KANSAS CITY, Mo. -- This time of year, Mark Grudzielanek wouldn't be able to walk down the street. He'd hear shouts of "Grudzie!" and "We love you!" and would have to stop. Ah, Chicago. The memories still warm Grudzielanek's heart.
But today, it is just past lunch hour on the Plaza, and the only warmth Grudzielanek is getting is from a grande java in a paper cup. He's sinking in a comfy chair at Starbucks, reading the paper as businessmen and shoppers and women with perfectly manicured poodles hurry by. Forty minutes pass, and none of them stop for Grudzie. Maybe they're just shy.
Maybe it's because he's now in Kansas City, a block or so from George Brett's restaurant but miles from the words "Royals" and "playoffs" being mentioned together without a collective chortle.
"I got it here the other day," Grudzielanek says. "I went to a movie and a guy said, 'Grudzie, is that you?'"
The better question might be, "Grudzie, what are you doing here?" Two years removed from a playoff run with the Cardinals, three seasons after his glory days with the Cubs, Grudzielanek can't walk three feet without hitting a Chiefs T-shirt. He's hitting nearly .300 on a Kansas City team that is going nowhere for the 22nd straight season. Each day is a lesson in patience and relative anonymity.
The Royals hit a milestone last week -- they beat the Twins, which meant they won't lose 100 games for the first time in four years. Grudzielanek is 37, he's stayed in baseball because of the playoff itch, and he recently picked up the mutual option to return to the Royals next season.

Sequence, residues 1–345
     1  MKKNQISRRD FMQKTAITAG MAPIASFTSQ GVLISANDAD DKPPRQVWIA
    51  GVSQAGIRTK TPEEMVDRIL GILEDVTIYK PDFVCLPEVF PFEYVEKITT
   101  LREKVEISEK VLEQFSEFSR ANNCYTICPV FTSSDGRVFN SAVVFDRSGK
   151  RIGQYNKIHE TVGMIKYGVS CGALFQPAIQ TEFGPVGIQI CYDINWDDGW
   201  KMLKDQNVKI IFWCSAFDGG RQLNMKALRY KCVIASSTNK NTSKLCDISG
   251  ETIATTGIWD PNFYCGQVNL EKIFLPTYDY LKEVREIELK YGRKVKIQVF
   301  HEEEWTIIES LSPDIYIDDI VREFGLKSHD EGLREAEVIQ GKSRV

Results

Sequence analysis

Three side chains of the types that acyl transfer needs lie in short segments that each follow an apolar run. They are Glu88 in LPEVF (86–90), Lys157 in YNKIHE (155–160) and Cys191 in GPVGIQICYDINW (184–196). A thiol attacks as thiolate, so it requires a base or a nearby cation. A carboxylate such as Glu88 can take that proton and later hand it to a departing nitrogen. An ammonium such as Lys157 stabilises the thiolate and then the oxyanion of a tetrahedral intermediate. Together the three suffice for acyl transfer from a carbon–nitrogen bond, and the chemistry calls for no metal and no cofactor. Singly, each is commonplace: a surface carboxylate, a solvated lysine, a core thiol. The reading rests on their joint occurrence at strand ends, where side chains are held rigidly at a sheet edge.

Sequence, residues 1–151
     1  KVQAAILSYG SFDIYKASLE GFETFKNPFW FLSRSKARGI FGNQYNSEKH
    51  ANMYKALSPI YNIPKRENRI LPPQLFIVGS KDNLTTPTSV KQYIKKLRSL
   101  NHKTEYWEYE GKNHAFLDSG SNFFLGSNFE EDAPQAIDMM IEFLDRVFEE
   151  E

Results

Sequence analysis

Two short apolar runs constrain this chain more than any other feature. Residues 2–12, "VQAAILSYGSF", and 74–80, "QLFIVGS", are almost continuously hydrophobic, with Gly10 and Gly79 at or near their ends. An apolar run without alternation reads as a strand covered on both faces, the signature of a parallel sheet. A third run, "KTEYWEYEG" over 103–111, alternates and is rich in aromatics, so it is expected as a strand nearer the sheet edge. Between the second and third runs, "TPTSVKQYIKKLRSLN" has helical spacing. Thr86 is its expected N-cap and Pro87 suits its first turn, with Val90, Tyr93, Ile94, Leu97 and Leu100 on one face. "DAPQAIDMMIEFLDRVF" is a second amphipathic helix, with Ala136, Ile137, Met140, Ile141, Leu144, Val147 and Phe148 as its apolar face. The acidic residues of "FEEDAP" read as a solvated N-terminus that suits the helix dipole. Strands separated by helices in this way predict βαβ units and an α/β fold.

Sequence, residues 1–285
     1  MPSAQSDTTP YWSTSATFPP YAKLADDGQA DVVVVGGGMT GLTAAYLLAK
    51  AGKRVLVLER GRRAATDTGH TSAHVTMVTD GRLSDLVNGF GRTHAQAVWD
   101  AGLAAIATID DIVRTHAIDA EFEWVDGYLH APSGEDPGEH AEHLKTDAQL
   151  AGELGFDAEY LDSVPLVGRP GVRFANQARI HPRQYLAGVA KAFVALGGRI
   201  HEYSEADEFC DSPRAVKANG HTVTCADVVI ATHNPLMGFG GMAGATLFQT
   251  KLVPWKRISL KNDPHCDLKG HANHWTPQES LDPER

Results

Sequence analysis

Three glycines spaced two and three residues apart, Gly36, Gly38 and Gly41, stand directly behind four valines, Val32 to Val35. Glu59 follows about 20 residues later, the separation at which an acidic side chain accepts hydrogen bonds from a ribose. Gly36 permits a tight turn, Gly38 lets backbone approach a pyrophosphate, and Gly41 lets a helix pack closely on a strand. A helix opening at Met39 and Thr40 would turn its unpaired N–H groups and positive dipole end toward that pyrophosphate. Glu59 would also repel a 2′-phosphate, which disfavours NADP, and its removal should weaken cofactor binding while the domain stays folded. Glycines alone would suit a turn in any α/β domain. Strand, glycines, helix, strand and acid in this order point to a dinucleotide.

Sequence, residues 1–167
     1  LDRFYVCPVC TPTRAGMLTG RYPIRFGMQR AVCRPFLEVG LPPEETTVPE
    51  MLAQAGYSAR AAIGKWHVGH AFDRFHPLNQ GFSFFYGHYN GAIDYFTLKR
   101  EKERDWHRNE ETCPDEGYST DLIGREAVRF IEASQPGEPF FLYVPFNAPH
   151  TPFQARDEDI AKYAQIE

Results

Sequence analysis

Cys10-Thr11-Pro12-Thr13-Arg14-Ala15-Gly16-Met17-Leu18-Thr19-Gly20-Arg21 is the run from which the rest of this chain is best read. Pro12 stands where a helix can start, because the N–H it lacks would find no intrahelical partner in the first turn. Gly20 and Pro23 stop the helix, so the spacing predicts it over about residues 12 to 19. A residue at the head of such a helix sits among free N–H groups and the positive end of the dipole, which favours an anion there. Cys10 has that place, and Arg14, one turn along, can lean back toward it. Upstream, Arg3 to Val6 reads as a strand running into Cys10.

And what is he doing here again?
"I want to try to win," Grudzielanek says. "My time is way too valuable and I miss my family so much. I'm at the point right now where I need to win and I want to win. I've made enough money, and all that stuff is fine and dandy. I'm happy with everything, but I'd love to be a piece of this puzzle here.
"To have somebody want you around and to feel like you're valuable to them, in business or whatever you do, that's an awesome feeling for anybody."
They joke in the Royals' clubhouse that the 2008 season might as well be called "Grudz and the Kids." With captain Mike Sweeney's status up in the air -- and a roster full of baby faces -- Grudzielanek might be one of the last veterans on next year's club.
He knows what it's like to be in a pennant race, to taste the World Series before a foul-ball controversy takes it away. He has the losing bit down too, long before he came to Kansas City. He can tell them about when he was a rookie in Montreal in 1995, and the underachieving Expos went 66-78 and got booed. He can laugh about how he thought they'd make the playoffs. He was too young to know any better.
In late 2005, when Grudzielanek signed with the Royals, he spent the entire offseason preparing himself to lose. When things got too bad, and the bungles became too much, he'd call his wife Danielle, who played softball at UCLA and recently gave birth to their second son. He vented; she understood.
Before the 2007 season, Grudzielanek told reporters if they lost 100 again, he'd retire.
"Our team's too good," he'd say. "That's ridiculous."
Then the Royals got off to another dismal start.